Cartoon Network just ended Adventure Time‘s most recent seasonÂ with a week-long string of new episodes, and just two weeks later, they’ve revampedÂ Steven UniverseÂ and employ the same strategy with a whole weekÂ of new episodes. Steven Universe has become a bit of an internet phenomenon. The show focuses on Steven, a young half-human, half-gem boy who lives with his three alien stepmothers. Steven faces challenges and seeks to conquer his insecurities while also defending the world from alien attacks. It’s a beautifully illustrated show with a strong heart, and it pairs perfectly with Adventure Time.
The first episode this week featured Connie, which was a sign that all of these episodes would be fun. “Sworn to the Sword” addresses the problematic nature of sacrificing yourself for another. Connie asks Pearl to train her in sword fighting so she can help fight alongside Steven in battles. There’s a nice song at the beginning that reinforces Connie and Steven’s connection called “Share This Jam With Me.” Pearl uses Holo-Pearl to train Connie (and the last time we saw her, it ended badly), and we learn a little more about Pearl’s obsession with Rose-Quartz (Steven’s mother). Connie and Pearl sing a song called “Do It for Her/Him,” but the tone becomes dark when Pearl reminds Connie that “you don’t matter.” Steven, obviously concerned, asks Garnet and Amethyst for advice. Sure enough, Garnet tells him that Pearl has always been this way, and has often sacrificed herself as often as possible during the war. In the end, Steven reminds Connie that she wanted to fight alongside him, and not for him. They team up and defeat Pearl, proving that working as a team is better than sacrificing themselves.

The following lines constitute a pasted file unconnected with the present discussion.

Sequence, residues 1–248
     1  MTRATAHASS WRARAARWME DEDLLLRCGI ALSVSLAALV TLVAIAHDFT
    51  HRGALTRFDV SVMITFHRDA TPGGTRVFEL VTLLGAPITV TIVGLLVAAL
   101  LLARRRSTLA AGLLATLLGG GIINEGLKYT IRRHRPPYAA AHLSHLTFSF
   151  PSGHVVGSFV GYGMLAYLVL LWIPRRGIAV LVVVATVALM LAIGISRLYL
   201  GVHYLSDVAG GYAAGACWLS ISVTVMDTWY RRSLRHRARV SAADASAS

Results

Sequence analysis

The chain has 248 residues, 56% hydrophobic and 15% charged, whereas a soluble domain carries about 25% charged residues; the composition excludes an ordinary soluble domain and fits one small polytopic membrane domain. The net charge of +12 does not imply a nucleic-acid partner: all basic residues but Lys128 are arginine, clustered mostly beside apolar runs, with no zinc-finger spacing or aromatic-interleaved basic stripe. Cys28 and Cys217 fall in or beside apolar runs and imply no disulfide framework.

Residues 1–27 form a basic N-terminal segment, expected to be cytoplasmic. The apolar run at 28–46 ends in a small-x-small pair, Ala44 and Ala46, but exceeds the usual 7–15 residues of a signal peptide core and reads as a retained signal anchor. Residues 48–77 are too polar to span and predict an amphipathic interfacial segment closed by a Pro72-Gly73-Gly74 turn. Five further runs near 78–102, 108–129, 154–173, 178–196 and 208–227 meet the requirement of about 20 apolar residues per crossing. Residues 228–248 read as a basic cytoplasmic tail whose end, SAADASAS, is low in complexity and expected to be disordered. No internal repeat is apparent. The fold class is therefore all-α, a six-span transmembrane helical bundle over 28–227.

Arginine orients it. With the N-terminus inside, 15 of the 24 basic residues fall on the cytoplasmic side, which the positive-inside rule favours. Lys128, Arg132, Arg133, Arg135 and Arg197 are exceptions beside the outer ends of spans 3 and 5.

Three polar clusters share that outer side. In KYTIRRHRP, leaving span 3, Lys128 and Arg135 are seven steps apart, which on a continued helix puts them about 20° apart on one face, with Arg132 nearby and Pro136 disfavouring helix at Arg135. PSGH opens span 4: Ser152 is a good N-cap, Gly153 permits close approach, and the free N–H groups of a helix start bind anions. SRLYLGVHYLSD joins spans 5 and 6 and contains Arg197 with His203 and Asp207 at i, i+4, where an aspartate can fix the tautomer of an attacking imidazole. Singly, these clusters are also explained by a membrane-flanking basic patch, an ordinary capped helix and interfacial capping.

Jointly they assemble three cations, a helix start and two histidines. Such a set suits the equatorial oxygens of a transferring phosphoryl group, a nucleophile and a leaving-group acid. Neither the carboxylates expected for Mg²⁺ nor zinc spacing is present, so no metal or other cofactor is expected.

“Sworn to the Sword” reinforced that Pearl was very in love with Rose, but it does not build that further. I’d like to see more of what Rose’s interpretation of that love is like. I would also love to see Steven address the fact that Pearl clearly wishes Rose was still around. These themes are dark for a kid’s show, but Steven Universe handles them so well.
The next episode was “Rising Tides, Crashing Skies,” which I did not like as much, but I could appreciate it. The episode followed Ronaldo as he tried to prove that the Crystal Gems were a danger to Beach City. Of course, he discovers that even though the Gems bring a lot of danger, they also keep the danger from affecting the citizens.
Then there was “Keeping It Together,” and boy, what an episode. The Crystal Gems return to the Kindergarten to search for Peridot. They find her coming up from an underground area, and Pearl and Amethyst chase her. Garnet and Steve decide to explore exactly what Peridot was doing underground. Earlier on in the episode, Steven gets hung up on asking Garnet questions about being a fusion all of the time. Garnet brushes off the question, and the mission turns dark when Steven and Garnet find the broken remains of deceased gems fused together. The sight clearly traumatizes Garnet, and she almost comes totally undone. Her anger keeps her together, and she destroys the creature and safely sends the broken gems away. Later, Garnet explains that fusion is a choice, and the gems Peridot fused were resting at peace, and had no say in the fusion. Garnet draws a clear line between consent and force, and I can appreciate that message on a kids show. A solid episode, overall.
The Steven Universe week continues to pour out heartfelt, meaningful episodes, which is a great sign for the continuation of the show. We shouldn’t forget the awesome new intro song, either! Steven Universe has a knack for building consistent plots that create great tension within the show. Honestly, it accomplishes this much better than Adventure Time, and the world building is much less vague, which probably encourages people to keep watching and learn more. I’m excited to see the remaining two episodes this week, and to see where the rest of the season takes the group.
[Photo via Cartoon Network]